Boney Fingers: Why Should Work Be Life-Sucking?

“Work your fingers to the bone — whadda ya get? Boney Fingers.”

This 1960’s Hoyt Axton folk song mocking the vaunted virtue of working hard is being sung today with new meaning by all kinds of employees — from those in construction to high tech, food service to education, health care to media. And it’s not just manual labor and frontline employees singing the “Boney Fingers” blues, but also many midlevel career climbers and even a few upper-floor executives.

The rebellion here is not merely a matter of more pay, but particularly about the unrelenting nature of work itself — the all-consuming “job imperative,” as if that’s your life. Go 40 to 60 hours a week (plus online availability after hours) 50 to 52 weeks a year for half a century or more… then die. Is that all there is? Is that all we are?

Amazingly, in 2022 America, this fundamental existential, truly revolutionary question is one millions of hardworking people at various levels in our top-down corporate system are asking themselves, their families, co-workers, bar buddies, et al. Why are we working like this, why does it matter, what else is there?

Airline pilots, for example, have stunned American, Delta, Southwest and United by prioritizing non-monetary demands in their current contract negotiations with the monopolistic airline giants. The bosses have offered 14% pay hikes, but pilots are demanding something more meaningful: structural changes to improve their quality of life. They’re routinely frustrated by management’s inept scheduling, inadequate staffing and onerous work rules that leave them stressed out, dangerously fatigued and often stranded far from home. The bottom line is not another dollar but being able to plan and enjoy a non-work life. “You absolutely cannot address quality of life with money,” says the president of the pilots’ union at Southwest Airlines. “You’re never going to pay someone enough for a lost piano recital with their daughter or a lost baseball game.”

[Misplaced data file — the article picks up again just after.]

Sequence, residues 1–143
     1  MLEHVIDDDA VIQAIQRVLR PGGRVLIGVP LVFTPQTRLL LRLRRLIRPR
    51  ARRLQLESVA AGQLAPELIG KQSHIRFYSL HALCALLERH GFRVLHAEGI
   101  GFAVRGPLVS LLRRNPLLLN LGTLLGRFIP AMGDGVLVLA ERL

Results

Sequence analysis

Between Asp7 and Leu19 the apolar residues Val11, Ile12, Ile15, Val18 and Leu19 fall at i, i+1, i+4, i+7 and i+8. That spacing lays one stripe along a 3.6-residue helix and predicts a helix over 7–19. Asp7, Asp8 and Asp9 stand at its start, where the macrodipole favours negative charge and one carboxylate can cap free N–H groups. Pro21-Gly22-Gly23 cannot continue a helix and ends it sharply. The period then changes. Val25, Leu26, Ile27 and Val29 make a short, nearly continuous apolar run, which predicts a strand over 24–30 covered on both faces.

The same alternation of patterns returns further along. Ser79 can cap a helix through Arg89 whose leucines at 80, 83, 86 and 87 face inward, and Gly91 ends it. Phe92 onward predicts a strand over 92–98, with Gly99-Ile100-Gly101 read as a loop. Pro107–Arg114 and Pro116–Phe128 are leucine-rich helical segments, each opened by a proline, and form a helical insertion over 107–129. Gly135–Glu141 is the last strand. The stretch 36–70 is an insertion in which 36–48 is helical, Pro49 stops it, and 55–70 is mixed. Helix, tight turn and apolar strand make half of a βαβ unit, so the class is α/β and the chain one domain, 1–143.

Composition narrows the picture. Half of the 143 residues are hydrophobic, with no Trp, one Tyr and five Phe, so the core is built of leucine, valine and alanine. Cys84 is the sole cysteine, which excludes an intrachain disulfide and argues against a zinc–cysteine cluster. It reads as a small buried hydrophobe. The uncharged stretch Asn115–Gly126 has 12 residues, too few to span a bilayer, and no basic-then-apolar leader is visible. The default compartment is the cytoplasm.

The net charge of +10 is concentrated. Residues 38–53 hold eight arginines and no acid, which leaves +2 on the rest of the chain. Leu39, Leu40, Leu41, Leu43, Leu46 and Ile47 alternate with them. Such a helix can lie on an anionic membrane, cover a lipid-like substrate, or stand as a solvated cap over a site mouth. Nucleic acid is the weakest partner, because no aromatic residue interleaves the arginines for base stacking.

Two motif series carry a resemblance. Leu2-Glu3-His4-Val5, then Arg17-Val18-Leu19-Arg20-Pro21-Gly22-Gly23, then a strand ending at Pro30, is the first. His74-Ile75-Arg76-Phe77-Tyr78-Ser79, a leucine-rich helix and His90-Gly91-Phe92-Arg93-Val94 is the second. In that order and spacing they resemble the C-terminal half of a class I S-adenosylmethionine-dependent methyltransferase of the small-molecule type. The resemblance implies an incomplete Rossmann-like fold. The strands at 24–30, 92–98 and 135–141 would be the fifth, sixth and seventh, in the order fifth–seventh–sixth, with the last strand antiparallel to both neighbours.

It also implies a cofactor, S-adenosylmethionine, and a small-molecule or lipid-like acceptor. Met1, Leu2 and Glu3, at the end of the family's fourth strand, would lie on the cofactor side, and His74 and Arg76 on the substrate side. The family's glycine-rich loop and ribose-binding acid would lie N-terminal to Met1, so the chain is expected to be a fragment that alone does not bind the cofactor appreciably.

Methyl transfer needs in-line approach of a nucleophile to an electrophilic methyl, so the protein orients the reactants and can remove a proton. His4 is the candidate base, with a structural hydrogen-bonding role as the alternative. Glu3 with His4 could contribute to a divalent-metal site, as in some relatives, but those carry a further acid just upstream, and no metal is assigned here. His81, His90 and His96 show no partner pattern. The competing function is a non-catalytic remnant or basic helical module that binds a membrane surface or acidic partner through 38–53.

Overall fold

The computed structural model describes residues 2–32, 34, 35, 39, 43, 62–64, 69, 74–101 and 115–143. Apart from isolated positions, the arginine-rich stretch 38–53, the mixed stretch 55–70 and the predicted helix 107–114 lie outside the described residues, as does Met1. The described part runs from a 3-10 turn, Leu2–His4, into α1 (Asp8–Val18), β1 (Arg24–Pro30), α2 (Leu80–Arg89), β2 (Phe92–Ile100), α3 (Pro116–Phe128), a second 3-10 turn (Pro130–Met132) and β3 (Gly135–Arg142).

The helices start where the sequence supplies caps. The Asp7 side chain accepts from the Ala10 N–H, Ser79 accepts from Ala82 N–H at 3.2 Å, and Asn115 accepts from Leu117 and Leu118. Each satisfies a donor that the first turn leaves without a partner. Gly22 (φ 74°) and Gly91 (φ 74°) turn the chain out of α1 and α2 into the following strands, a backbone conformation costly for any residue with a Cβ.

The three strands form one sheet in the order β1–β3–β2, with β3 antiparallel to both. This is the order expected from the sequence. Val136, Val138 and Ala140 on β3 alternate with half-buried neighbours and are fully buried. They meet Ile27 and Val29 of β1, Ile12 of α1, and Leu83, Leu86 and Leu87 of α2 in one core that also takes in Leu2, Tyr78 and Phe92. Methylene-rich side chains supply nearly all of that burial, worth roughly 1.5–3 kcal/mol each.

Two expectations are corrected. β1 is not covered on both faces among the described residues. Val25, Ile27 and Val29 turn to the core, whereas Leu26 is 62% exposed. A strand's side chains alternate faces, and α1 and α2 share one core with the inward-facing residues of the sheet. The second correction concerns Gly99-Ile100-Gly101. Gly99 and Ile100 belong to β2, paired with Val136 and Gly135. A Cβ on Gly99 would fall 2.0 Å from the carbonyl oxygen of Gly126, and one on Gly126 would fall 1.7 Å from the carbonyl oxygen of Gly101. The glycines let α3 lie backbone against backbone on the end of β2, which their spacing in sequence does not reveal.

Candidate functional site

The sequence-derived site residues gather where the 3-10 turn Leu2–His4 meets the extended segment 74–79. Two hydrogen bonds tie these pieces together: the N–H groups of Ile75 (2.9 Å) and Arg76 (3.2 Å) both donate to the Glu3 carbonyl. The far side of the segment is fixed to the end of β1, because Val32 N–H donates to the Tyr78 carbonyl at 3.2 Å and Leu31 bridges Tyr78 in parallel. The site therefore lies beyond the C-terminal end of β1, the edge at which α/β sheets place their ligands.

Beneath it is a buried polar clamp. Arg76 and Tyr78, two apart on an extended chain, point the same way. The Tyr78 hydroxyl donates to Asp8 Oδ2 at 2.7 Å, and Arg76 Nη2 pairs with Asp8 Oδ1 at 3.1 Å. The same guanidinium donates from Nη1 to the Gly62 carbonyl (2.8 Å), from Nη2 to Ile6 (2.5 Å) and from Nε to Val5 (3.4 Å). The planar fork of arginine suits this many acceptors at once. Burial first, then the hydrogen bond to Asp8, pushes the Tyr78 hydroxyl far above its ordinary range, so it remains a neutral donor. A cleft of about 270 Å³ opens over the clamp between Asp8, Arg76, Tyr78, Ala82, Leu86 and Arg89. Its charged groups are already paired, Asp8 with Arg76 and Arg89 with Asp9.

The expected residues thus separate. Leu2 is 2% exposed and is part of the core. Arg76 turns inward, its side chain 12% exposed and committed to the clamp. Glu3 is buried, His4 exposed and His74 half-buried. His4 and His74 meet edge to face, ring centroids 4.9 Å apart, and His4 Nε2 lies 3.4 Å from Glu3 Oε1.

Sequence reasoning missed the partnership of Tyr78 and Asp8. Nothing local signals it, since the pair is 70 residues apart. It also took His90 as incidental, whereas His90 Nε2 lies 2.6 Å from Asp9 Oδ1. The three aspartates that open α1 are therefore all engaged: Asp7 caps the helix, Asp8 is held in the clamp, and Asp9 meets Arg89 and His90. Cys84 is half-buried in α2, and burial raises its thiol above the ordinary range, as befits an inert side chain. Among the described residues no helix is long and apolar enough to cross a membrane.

There are many compromises required to make a living these days, but at last we humans are beginning to say: Enough — you can buy my hard work, but not my life.

America’s stringent system of corporate capitalism keeps carving out new depths of worker exploitation. Walmart, Amazon, Uber and McDonald’s are not even the mingiest in this plunge to the bottom.

Take Chick-fil-A, a right-wing, Atlanta-based, fast-food operation boasting its “biblically-based” principles. Like slavery? Well, Chick-fil-A hasn’t gone quite that biblical yet, but one of its franchises pioneered a novel, modern-day labor compensation innovation that teeters that way, paying some workers “chicken feed.” This franchise of the $11-billion-a-year chain called on area residents to sign up to staff its new Drive Thru Express — but in lieu of wages, they were paid in chicken sandwiches! Each of those who joined the Express team received five fast-food chicken items per shift, which worked out to less than minimum wage.

What we have here is one more absurd incident illustrating that America’s sanctified work ethic is a fraud, a shibboleth to make millions think they can get ahead if they just work hard enough, keep their nose to the grindstone, stay loyal to the corporate order for life — no matter how vacuous.

But the game is up, for workers across the economy are rejecting this idea of “Boney Fingers” and work as a false idol. Such emergent groups of dissidents as “Rest is Resistance” and the “Nap Ministry” are going right in the face of corporate workaholism. Yet, the corporate schemers ought not mistake these passive resisters as a few puckish slackers. Today’s widespread shortage of workers (from truck drivers to teachers) is not a momentary economic blip, but a defiant declaration of independence from a form of work that is life-sucking.

People are not afraid of hard work, nor averse to long hours… if the task and the cause are worth both the time and effort. And “worth it” is increasingly being measured in higher values than dollars alone — compensated by a sense of purpose, community, respect, fairness and fun! In short, true worthiness… not a Chick-fil-A sandwich.

Jim Hightower